And below, be inspired by Deborah Morris-Travers and Efeso Collins, who spent a small amount of time this last week inspiring teachers, principals and support staff at the NZEI Annual Conference.  I certainly got a lot out of their wise words and recorded what I could.

Tuesday, 7 October 2014

Dirty Politics by Nicky Hager - my review of this book

I'm not usually one to buy books about politics.  As avidly as I follow, read, comment and live politics, I would not normally purchase a book about politics.

But this book, Dirty Politics by Nicky Hager, was about something I had been suspecting for a while as a follower of politics, so I bought it.  Nicky has had a history of writing provocative books about politicians and their deeds, such as Helen Clark's alleged cover up of GM seeds being imported into New Zealand as covered in the Seeds of Distrust book in 2001, and the expose of Don Brash's dodgy as National Party 2005 election campaign in the book The Hollow Men.

The book is sub-titled How attack politics is poisoning New Zealand's political environment and this book pulls few punches and confirms my worst fears of modern New Zealand politics and commerce.

Alas, due to it being term time and also being actively involved in Election 2014 as a party activist (supporting a candidate), among many other busy reasons, I didn't get past chapter one for a long time.  Finally in the term break I began to read more.  By the end of chapter 5 I had to have a shower.  I felt dirty inside and out, sickened to my stomach.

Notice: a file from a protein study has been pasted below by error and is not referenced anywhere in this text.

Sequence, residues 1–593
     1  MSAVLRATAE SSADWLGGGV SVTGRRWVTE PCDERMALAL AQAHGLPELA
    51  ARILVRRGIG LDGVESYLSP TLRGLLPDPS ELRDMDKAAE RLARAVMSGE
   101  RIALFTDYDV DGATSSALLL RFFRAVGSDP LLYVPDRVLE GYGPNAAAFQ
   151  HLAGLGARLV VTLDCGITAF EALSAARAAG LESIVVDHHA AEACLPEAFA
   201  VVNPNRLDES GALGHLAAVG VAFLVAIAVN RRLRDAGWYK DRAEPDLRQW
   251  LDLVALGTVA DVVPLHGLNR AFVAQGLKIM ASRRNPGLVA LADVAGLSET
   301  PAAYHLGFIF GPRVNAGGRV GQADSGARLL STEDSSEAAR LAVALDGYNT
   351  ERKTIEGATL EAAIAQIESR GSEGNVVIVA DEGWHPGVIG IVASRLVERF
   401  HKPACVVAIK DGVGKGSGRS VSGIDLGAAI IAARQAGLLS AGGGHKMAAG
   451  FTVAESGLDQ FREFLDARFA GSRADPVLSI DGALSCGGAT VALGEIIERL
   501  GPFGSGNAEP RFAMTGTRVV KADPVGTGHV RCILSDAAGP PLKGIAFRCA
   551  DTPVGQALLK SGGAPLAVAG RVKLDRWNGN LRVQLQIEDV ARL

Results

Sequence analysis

And that sensation did not leave me at any chapter.

I was horrified at the depth and lengths in which Slater (Whale Oil), Farrer (Kiwiblog), Ede, Lusk, et al, went to discredit credible people, manipulate politics and commercial endeavours, change laws, direct candidate selections, and generally destroy people's lives.  Personally, I have been oiled, and the person I was oiled with is still fighting for her career.  I know others that have lost their careers due to Slater and his devious ways.  And always with lies, innuendo, slander and defamation.

However it did confirm many suspicions I had over the National led government and their tactics since 2008.  This comment by Hager in the Afterword confirmed what I had believed in recent years:

John Key's government was unusually aggressive at attacking and trying to silence scientists, journalists, academics, public interest groups and any other people who publicly criticised its actions.  It cut public funding for a wide array of organisations that represented and advocated for communities.  The essence of democratic government is that the widest possible range of people have their share of influence and an equal chance of being heard.  The politics revealed in this book is about small numbers of people trying to have much more than their fair share.